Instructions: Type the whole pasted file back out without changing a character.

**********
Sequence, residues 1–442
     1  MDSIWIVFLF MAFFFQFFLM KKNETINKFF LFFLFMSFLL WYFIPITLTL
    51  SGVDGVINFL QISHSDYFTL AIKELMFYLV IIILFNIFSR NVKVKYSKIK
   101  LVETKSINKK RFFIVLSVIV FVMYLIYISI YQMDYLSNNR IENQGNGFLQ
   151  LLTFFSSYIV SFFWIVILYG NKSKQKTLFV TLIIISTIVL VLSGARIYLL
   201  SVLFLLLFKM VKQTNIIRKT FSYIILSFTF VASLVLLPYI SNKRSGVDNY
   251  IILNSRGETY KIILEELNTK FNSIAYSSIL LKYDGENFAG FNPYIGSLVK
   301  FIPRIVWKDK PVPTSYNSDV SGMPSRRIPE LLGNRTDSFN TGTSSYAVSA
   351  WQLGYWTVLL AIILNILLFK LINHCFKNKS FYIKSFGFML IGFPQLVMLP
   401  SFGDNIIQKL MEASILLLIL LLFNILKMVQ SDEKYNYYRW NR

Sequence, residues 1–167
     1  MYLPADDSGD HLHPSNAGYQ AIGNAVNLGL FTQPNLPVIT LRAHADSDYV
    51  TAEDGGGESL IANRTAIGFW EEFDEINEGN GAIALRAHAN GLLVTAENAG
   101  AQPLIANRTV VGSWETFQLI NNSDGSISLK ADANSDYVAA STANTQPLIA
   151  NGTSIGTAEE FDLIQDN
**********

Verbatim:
Sequence, residues 1–442
     1  MDSIWIVFLF MAFFFQFFLM KKNETINKFF LFFLFMSFLL WYFIPITLTL
    51  SGVDGVINFL QISHSDYFTL AIKELMFYLV IIILFNIFSR NVKVKYSKIK
   101  LVETKSINKK RFFIVLSVIV FVMYLIYISI YQMDYLSNNR IENQGNGFLQ
   151  LLTFFSSYIV SFFWIVILYG NKSKQKTLFV TLIIISTIVL VLSGARIYLL
   201  SVLFLLLFKM VKQTNIIRKT FSYIILSFTF VASLVLLPYI SNKRSGVDNY
   251  IILNSRGETY KIILEELNTK FNSIAYSSIL LKYDGENFAG FNPYIGSLVK
   301  FIPRIVWKDK PVPTSYNSDV SGMPSRRIPE LLGNRTDSFN TGTSSYAVSA
   351  WQLGYWTVLL AIILNILLFK LINHCFKNKS FYIKSFGFML IGFPQLVMLP
   401  SFGDNIIQKL MEASILLLIL LLFNILKMVQ SDEKYNYYRW NR

Sequence, residues 1–167
     1  MYLPADDSGD HLHPSNAGYQ AIGNAVNLGL FTQPNLPVIT LRAHADSDYV
    51  TAEDGGGESL IANRTAIGFW EEFDEINEGN GAIALRAHAN GLLVTAENAG
   101  AQPLIANRTV VGSWETFQLI NNSDGSISLK ADANSDYVAA STANTQPLIA
   151  NGTSIGTAEE FDLIQDN